Generational Issues

"If you understand where a person is coming from, it will help you predict their behavior. 
It will help to know how to communicate with them."
             ---Center for Generational Studies (Aurora, CO)

From 1985 to 2001, the workplace was populated with over-50 managers trying to manage under-30 workers.  Most of those
managers did not communicate well with their younger subordinates.  They saw them as impatient, unwilling to "pay their dues," spoiled, and disrespectful.  Although many of these young professionals were from excellent schools with excellent academic records and leadership skills, they found themselves in frustrating jobs.  They attended multiple meetings where decisions were never made.  When a decision was reached, it required several layers of management approval to be implemented.

Risk-taking in this period was not encouraged and changes happened very slowly.  Not surprisingly, the young workers labeled  management as "incompetent, belligerent, and stupid."  They saw their managers as being "too stuck in the way things had always been done to see a new, good idea."  Many young professionals left for jobs with smaller companies during the last 15 years of the 20th century.  They learned to reserve loyalty for people, not employers.  In the 1990s, individual productivity declined markedly.  Morale was lower, more effort was needed to replace and retrain personnel, and projects slowed.  As recent college graduates became increasingly frustrated with their new jobs, the news reached younger classmates on-campus and it became difficult to recruit.

In "Generations at Work" (Amacom, January 2000), authors Ron Zemke, Claire Raines, and Bob Filipczak describe the four
basic age groups comprising today 's workforce: Veterans; Baby boomers; Gen Xers; and Nexters (aka, Millennials).  Each of these groups is defined by historical influences.  The Veterans are shaped by the Great Depression and World War II.  They value civic duty, loyalty, and respect for authority.  The Baby Boomers reflect the extreme optimism, opportunity, and progress of their era.  They tend to be self-centered and "spotlight conscious."  They also are team-oriented, but largely because there are so many of them.  Generation X grew up as latch-key kids.  This created a survivor mentality best summed up in their favorite question: "Just tell me, is this going to be on the test?"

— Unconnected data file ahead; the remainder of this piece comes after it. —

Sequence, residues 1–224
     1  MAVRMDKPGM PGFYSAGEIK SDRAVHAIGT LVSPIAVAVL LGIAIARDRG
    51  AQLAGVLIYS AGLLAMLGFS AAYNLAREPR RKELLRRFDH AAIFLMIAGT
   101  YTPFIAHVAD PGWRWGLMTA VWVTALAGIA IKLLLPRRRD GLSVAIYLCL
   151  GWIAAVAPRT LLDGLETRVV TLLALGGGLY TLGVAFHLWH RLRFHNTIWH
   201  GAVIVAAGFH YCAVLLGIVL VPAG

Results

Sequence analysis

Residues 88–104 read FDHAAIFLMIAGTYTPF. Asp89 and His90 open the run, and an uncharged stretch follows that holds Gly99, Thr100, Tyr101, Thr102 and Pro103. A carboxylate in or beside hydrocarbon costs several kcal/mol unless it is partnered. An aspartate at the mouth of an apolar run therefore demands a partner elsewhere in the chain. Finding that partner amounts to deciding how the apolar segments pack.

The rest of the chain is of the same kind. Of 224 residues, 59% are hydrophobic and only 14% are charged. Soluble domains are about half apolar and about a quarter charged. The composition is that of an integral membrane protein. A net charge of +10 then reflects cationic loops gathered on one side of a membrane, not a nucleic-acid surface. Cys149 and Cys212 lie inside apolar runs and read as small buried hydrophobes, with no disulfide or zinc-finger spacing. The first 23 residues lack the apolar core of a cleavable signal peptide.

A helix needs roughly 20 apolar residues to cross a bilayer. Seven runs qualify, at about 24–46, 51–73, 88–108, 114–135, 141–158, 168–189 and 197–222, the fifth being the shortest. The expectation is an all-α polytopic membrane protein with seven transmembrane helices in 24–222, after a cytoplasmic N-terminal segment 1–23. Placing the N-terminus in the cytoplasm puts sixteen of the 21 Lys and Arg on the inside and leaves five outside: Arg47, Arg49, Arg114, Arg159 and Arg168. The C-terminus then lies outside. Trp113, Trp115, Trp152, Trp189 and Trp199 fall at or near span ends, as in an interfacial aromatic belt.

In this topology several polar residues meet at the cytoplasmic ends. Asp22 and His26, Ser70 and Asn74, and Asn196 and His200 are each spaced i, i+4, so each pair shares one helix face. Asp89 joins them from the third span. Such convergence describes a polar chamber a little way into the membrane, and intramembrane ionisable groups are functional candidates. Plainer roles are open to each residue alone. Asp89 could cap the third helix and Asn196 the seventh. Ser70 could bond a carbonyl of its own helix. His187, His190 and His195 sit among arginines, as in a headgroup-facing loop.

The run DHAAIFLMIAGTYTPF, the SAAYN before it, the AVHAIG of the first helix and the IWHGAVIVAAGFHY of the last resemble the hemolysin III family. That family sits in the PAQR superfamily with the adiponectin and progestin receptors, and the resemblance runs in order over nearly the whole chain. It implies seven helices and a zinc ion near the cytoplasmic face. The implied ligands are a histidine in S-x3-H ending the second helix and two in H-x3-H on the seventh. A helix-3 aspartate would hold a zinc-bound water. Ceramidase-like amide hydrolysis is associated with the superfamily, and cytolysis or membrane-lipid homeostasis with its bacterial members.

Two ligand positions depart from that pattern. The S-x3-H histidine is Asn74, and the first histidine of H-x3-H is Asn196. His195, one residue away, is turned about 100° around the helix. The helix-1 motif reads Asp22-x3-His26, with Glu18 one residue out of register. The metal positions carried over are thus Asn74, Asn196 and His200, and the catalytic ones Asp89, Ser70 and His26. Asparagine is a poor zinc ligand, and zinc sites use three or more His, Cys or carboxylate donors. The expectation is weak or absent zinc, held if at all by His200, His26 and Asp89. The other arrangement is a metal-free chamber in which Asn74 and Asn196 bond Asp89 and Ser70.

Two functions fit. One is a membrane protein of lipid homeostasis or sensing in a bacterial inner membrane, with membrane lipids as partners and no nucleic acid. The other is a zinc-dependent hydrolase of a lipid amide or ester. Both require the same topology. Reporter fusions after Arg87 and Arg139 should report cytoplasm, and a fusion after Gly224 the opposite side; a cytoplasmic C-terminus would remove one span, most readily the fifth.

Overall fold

Nexters are a product of the excessive 1980s and 1990s when parents arranged their own schedules around their children's lives.  This made Nexters extremely self-confident.

The core values each of these generations learned on their first jobs determined their perspective.  For example, 25 years ago professional excellence and performance (at any cost) were valued.  Manufacturing was conducted on a small scale, marketing was shunned, and the business climate was relatively easy to understand.  Today, technical excellence takes second place to marketing, and the business
environment is wildly competitive.  When the generations collide in the workplace, the older sees the younger as placing style above substance.  The younger sees the older as narrow and rigid.  This is evident most in the software industry where development moved from a hero-oriented, ad hoc process to a controlled, team-driven managed process.

Resistance to change is universal in all age groups, but the responses differ.  The older individual feels it unnecessary to fix something that is not broken.  The younger worker feels that individual creativity is being infringed.  Age should be treated as a diversity issue -- just like
race, gender, or sexual orientation.  As a diversity issue, it is best to raise the awareness of the executive-level staff first.  As one consultant reminds her clients: "Often a younger person's bright green hair or inappropriate clothing is so distracting that older employees don't hear what the younger worker is really saving.  Conversely, younger employees may discount and not listen to what an older employee is saying because they feel that the older employee is too out of touch to have anything of value to add."
Diversity inevitably causes conflict, and age diversity is no exception.  It is best to have the issues out in the open where the generations can talk to each other about them. 

Mind the Gap, IEEE Spectrum, February;
Review by A. J. Vendeland (ti0221)